This is where it all started. The Royal Mile - the backbone of the Old Town that leads from Edinburgh Castle down to the Palace of Holyroodhouse and the Scottish Parliament - has seen centuries of Edinburgh life.
An easy walking distance from Edinburgh Waverley Train Station, the area is a must-see for every Edinburgh visitor.
Nestled in between the shops, restaurants, bars and pubs are closes, wynds and pends leading to hidden, tranquil gardens, gorgeous views over the city and pubs and eateries just waiting to be discovered. Filled with remnants and artefacts of the past mixed with the contemporary, this is Old Edinburgh, blending charmingly with the 21st century.
The Castle at the top of the Royal Mile affords panoramic views across the north and south of Edinburgh, while in the summer it's the setting for concerts and music acts, as well as the sepctacular world famous Royal Edinburgh Military Tattoo, which takes place on the Castle Esplanade every night in August.
Every August the Royal Mile is filled with entertainers and comedians as the Edinburgh International Festival - the largest arts festial in the world - and Edinburgh Festival Fringe fill the city with the most exciting and diverse talent from across the planet.
The Royal Mile has also provided the backdrop for big screen adventures, the most recent being Avengers: Infinity War, which saw a fight scene culminate in Edinburgh Waverley train station. If you're an Outlander fan, a quick detour down Bakehouse Close near the old Tolbooth will find you retracing Jamie and Claire's season three footsteps.
North Bridge is well served by Lothian Buses. Buses 1, 8, 19, 35 and 37 are just some of the buses that stop there. Alternatively, buses 23, 27, 41, 42, 45, 67 all stop on George Forth Bridge. All stops are within easy walking distance of the Royal Mile.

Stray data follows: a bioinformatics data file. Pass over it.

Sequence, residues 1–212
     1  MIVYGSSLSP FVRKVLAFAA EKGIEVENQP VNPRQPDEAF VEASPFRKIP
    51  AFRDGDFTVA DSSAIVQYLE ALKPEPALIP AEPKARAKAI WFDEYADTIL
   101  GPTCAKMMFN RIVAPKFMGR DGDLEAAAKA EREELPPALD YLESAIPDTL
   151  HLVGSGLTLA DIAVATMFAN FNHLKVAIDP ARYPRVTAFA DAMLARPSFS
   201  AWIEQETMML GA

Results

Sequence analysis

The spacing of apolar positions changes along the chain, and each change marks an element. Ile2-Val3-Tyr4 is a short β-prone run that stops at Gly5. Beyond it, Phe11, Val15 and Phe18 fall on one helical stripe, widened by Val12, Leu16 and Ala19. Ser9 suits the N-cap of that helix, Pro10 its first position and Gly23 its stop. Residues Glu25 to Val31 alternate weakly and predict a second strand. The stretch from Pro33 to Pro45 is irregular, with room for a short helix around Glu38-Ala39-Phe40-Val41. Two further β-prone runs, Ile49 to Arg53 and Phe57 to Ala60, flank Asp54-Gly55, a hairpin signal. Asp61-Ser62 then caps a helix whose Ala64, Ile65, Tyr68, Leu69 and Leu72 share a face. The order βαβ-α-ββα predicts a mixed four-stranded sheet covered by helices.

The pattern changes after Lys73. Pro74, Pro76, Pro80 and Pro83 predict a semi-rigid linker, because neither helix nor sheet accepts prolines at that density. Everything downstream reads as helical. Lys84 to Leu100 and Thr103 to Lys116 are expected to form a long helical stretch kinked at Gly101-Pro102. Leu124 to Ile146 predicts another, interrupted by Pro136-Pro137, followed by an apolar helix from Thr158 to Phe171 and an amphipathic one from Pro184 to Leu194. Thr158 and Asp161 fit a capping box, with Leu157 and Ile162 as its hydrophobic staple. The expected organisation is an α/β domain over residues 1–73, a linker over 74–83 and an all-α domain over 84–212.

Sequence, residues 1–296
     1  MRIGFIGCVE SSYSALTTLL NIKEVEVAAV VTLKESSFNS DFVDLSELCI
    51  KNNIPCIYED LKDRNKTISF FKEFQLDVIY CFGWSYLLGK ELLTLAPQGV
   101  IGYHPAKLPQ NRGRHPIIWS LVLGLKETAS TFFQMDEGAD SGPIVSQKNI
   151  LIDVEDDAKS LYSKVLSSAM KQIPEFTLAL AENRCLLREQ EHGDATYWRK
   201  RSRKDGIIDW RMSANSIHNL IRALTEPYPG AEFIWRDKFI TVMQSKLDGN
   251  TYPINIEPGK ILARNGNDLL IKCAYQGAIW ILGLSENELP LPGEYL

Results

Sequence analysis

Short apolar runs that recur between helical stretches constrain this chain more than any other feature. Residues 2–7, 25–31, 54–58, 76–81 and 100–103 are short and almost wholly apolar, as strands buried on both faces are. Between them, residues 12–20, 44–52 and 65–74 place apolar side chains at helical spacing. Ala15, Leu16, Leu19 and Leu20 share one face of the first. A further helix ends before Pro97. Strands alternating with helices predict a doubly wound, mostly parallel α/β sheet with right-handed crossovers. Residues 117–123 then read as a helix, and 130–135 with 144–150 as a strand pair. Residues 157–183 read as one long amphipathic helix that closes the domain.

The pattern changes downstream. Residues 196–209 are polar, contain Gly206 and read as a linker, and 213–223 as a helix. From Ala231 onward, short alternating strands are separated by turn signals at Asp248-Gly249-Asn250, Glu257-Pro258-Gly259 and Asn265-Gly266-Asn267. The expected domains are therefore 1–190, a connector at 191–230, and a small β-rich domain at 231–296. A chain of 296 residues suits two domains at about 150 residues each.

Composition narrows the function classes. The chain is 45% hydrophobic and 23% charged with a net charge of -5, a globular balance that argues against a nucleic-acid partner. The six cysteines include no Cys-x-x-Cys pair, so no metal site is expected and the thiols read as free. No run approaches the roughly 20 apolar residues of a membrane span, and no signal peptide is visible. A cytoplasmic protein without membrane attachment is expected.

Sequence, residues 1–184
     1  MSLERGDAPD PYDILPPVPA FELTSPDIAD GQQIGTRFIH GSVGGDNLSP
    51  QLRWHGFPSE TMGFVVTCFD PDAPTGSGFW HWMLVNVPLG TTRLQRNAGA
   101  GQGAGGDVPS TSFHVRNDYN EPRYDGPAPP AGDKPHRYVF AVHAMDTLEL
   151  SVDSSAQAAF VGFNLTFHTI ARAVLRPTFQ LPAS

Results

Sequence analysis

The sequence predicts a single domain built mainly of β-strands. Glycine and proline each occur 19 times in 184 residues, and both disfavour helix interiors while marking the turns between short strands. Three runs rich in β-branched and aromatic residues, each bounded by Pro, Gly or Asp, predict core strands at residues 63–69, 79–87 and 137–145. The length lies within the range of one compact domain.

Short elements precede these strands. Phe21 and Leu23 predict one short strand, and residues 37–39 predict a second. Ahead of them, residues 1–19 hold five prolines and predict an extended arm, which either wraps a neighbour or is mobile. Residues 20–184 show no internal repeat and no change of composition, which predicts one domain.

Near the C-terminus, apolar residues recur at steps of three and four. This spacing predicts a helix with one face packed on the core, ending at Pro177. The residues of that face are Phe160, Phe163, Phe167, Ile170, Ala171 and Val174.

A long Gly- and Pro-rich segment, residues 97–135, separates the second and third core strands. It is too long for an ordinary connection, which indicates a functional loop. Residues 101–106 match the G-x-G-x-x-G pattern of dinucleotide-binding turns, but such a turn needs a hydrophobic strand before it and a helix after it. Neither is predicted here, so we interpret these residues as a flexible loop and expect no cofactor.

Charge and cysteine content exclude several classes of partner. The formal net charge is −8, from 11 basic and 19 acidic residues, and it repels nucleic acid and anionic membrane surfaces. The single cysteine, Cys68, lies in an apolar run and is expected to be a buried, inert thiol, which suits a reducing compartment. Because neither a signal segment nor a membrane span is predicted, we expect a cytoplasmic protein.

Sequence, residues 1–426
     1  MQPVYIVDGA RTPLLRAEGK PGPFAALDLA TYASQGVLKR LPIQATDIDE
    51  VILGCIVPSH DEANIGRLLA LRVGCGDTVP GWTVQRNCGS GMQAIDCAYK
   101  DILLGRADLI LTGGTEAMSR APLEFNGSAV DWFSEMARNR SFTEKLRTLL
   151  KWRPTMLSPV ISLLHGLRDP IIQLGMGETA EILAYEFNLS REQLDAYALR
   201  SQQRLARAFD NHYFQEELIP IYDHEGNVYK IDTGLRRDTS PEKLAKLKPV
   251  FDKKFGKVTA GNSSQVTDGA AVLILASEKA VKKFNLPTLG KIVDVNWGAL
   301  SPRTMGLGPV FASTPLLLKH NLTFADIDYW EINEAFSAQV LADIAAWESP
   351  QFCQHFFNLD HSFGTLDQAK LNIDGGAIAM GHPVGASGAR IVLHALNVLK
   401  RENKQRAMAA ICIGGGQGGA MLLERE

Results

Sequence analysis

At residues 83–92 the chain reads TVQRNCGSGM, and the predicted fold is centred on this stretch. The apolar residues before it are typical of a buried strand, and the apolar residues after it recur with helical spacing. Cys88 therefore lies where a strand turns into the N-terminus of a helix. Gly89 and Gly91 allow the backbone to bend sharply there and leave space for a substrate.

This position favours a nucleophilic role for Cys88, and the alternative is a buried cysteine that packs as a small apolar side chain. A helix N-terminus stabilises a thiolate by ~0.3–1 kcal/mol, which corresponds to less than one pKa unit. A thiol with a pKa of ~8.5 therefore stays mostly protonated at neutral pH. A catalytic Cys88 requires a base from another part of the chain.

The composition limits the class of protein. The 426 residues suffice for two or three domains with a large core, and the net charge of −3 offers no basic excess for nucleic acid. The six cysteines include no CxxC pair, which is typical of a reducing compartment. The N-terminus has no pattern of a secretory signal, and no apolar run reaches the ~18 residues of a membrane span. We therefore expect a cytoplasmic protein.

One way to get a great view of the castle is on a City Sighseeing Tour. Their Hop-on Hop-off tickets start from £16.00 per person and have 24hr unlimited use. Taking in numerous stops around the city, including all main sights and attractions, and with audio commentaries in 9 languages plus 'Horrible Histories' Kid's Commentary, they're a great way of exploring the city on 4 wheels.
In 2019 Edinburgh made history when it became the first city in the UK to join the Open Streets movement, which has seen cities around the world temporarily opening streets to people by closing them to cars, vans and other motorised vehicles on a regular basis. On the first Sunday of every month a number of streets in the Old Town, including the Canongate, Cockburn Street and Victoria Street, are closed to motorised traffic, letting the public enjoy the historic area on foot or by bike.
History of The Royal Mile
The Royal Mile certainly has history: when you walk down the street you start at an extinct volcano and continue down a slope that was formed by the retreat of an ice age over 325 million years ago. By the 12th century, this had become the main street of the adjoining burghs of Edinburgh and Canongate.
The Royal Mile is actually made up of four connecting streets: at the top (west) is Castlehill, then Lawnmarket, High Street and Canongate. Dozens of steep pedestrian closes lead off the street, and are worth exploring to find many of the area’s hidden gems. Head down Dunbar’s Close to find a tranquil garden just seconds away from the hustle and bustle of the street.
As well as the Festival and Tattoo, in September you might see the Riding of the Marches,in October, the Samhuinn Fire Festival and on Hogmanay you can join in the Old Town Ceilidh. There is activity all year round and you are sure to find something unique to see whenever you visit!
Alongside many of the historical and current Royal family visits, Edinburgh was famously the initial developing ground of Scottish Enlightenment with some of the more famous figures of the movement based in the Old Town – these include David Hume, Adam Smith and Robert Burns to name a few.
Represented by a statue outside Canongate Kirk, Robert Fergusson, a widely respected local poet, was born in Cap and Feather Close (which no longer exists) just off the Royal Mile. He is buried in Canongate Kirkyard along with Adam Smith and Nancy Craig, an attractive widow who inspired Robert Burn’s famous poem ‘To Clarinda’ and which is now the name of a local cafe with excellent tray bakes.
Although not a resident, JK Rowling wrote much of her first Harry Potter novel nearby in The Elephant House on George IV Bridge and Ian Rankin’s Rebus novels reference the Royal Mile and it’s closes in many books, particularly ‘Fleshmarket Close’ which is set here.
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